As a church we have been taking this odd and uncertain time to examine who God is and what God does—the doctrines of God. The last few months have been slower (in some ways) than ever before but oddly enough they’ve created new challenges and new ways of exhaustion. The change, uncertainty, and general abnormality of things since the middle of March is the reason why I’ve called the church to focus on details of God. The journey through the various truths about God continues this week with a brief examination of God’s holiness.
For a few weeks, we have been dealing with God’s goodness. God is goodness and He transfers goodness. Very closely related to God’s goodness is His holiness. Here is a key statement that will help set the trajectory of this week’s doctrine: Holiness comes from God.
Theologians often link holiness very closely to God’s beauty, righteousness, goodness, and perfection. At face value, there are thin lines between holiness and the aforementioned aspects of God. Yet, there are distinctions and these distinctions have important and critical implications for the Christian.
Holiness in the Bible is linked to the idea of purity and moral perfection. God is the very reason we have a concept of holiness. Holiness in anything (created) outside of God (the Creator) is simply a derivate of God’s holy nature. In the Old Testament, holiness is generally understood in terms of being set apart. If you know the Old Testament well, you can probably recall all of the persons and things God sets apart (people, places, temples, city, water, etc.), particularly in Exodus, Leviticus, and Numbers. This “setting apart” is done by God alone, as a derivate of His nature alone. God is the only being that can deem something holy and/or form holiness in creation. As with all these doctrines we have examined, it is incredible that God possesses a nature (i.e. holiness) that He decides to communicate to people. This why I personally love the process of learning about God. It is stunning to me that He chooses to operate this way.
More than anything, these Old Testament representations of holiness function to reveal a major implication to holiness: God places persons or objects in special relation to Himself and sets them apart from the world. This is indeed what happens to you in salvation. God sets you apart, through the person and work of Jesus Christ, for special relation to Himself. Yet again, you should now see (by way of your salvation) that holiness proceeds from God.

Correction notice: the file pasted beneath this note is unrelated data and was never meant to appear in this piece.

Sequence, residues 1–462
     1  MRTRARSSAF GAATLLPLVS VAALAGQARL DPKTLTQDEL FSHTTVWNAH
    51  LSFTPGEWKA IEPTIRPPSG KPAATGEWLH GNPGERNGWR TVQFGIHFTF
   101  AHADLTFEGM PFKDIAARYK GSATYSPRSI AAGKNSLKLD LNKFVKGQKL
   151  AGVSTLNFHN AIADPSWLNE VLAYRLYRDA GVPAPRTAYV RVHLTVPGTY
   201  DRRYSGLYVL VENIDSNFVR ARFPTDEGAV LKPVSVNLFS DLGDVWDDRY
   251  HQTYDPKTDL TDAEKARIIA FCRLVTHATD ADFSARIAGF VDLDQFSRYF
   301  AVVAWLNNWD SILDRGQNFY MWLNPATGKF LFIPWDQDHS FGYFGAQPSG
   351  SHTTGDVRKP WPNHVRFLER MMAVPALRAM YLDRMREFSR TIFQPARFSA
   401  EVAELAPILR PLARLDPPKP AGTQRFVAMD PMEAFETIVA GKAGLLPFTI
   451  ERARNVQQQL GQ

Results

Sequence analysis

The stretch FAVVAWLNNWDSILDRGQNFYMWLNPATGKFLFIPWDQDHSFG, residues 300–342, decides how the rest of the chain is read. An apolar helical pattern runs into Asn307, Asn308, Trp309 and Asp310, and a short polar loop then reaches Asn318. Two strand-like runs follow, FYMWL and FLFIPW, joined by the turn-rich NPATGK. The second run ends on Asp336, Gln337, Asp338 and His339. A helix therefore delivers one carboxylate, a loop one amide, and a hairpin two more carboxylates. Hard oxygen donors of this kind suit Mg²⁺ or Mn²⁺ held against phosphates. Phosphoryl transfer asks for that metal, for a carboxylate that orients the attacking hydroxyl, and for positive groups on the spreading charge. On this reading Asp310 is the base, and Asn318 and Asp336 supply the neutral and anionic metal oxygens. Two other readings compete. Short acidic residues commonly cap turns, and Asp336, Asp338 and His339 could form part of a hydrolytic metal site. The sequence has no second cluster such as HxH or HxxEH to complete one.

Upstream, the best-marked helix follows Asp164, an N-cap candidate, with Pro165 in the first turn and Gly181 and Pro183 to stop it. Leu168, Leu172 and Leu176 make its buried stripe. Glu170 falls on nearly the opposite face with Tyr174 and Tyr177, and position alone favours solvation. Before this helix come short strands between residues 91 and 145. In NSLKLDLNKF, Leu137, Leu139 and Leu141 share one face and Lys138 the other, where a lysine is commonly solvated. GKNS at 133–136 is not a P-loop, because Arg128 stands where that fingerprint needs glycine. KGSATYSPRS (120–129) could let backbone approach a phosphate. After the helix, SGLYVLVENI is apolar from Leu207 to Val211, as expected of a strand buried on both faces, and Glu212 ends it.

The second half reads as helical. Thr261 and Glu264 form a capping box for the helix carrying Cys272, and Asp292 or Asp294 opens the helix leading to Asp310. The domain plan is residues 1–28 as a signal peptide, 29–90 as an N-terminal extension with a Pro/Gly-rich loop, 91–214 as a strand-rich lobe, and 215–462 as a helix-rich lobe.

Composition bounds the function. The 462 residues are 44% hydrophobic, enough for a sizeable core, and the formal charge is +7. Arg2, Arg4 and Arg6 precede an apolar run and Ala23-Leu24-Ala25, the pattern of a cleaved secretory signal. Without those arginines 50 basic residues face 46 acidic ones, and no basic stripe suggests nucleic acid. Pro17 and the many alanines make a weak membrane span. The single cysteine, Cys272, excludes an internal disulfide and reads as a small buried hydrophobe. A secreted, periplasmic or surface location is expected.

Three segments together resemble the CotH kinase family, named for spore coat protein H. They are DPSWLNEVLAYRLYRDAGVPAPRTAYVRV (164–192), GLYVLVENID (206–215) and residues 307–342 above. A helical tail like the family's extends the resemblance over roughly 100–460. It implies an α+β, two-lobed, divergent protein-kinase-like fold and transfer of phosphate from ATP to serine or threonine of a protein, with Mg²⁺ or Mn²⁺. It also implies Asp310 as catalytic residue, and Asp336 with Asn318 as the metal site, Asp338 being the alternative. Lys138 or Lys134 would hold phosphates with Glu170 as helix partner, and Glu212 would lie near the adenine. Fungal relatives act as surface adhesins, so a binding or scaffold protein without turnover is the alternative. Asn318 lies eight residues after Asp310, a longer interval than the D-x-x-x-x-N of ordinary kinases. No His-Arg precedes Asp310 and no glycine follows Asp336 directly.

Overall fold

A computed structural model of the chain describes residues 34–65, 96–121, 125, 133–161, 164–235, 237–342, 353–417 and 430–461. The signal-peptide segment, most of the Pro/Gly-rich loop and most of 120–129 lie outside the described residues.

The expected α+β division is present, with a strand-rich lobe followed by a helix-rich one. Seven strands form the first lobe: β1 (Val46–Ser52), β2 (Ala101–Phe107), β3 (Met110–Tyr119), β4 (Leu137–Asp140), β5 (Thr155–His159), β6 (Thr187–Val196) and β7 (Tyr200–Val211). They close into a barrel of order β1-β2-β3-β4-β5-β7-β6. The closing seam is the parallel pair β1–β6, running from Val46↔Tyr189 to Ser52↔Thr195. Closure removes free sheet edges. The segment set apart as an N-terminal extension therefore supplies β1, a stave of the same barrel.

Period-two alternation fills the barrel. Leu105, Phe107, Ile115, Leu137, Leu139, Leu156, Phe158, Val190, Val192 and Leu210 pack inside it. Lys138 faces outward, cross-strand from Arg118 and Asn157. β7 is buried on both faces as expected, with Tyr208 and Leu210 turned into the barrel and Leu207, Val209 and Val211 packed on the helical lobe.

Furthermore, the Christian is given clear directive on the reasoning for all the talk about God’s holiness. The New Testament is replete with claims to model God’s pattern for holiness (Rom 12:2, Gal 6:16, 1 Peter 1:16, 1 Peter 2:9, etc.) God reveals His holiness in three (general) ways: (1) works, (2) Scripture, and (3) His people. All of these are means by which God moves us along in holiness after salvation. Scripture is primary in the process of holiness, but creation and community are factors.
But here is a more important questions: Why does holiness matter? Why do you hear pastors and preachers and “church people” talk about holiness all the time? Certainly, it’s tied to obedience and the Christian life, but why?
Why Holiness Matters
First, holiness matters because God has contempt for sin. We cannot use strong enough language when describing God’s hatred of sin. We’ll talk more about this Sunday, but Christians are quick to downplay God’s distain for sin and slip into antinomianism. Antinomianism is a five-dollar word for the Christian that lives with the mindset that: “It doesn’t matter how I live or what I do because God’s grace covers it.” Our actions as Christians matter. We are often laced with impure motives and desires, so we need a standard. We need somewhere to go in order to reorient our minds and hearts. God’s holy nature and contempt for sin does this for the Christian.
Second, holiness matters because is drives our desire for sanctification. Sanctification is a major part of the Christian life that begins at conversion and is progressive. Sanctification is an act of God but it also obedience on the Christian’s part to live-out salvation. When God redeems you, there should be a drive to pursue and uphold the “set-apartness” through sanctification.
Third, holiness matters because God delights in it. Proverbs tells us “those of blameless ways are his delight” (Prov 11:20). Holiness is a “heart thing” for both God and the Christians. Peter reminds us that we are to honor Christ the Lord with our hearts because of His holiness (1 Peter 3:15). This is a delight to God the Father when the Christian pursues holiness through Jesus Christ. God wants you to do the right thing, in light of who He is and what He’s done. Christians should take seriously the ability to delight God. Stick around and think about that for a minute—you have the ability to delight God.
And finally, holiness matters because God is worthy of our best returns to him. As with any attribute of God, there is an element of worship involved. The holiness of God is no different because it causes us to worship Him. Worship of God is linked to His worthiness. You worship because God is worthy and God is worthy, in part, because He is holy. Got all that? Worship has been a common theme in many of these blogs and Sunday messages.
I want to be a person that runs after God in every possible way. I want my life to reflect His holiness. I want to take seriously my call to be set apart as a Christian. This call was costly through the blood of Christ Jesus. Redemption is not cheap but its free and it should lead us to a life dedicated to holiness. Stand firm my friends, be the people of God.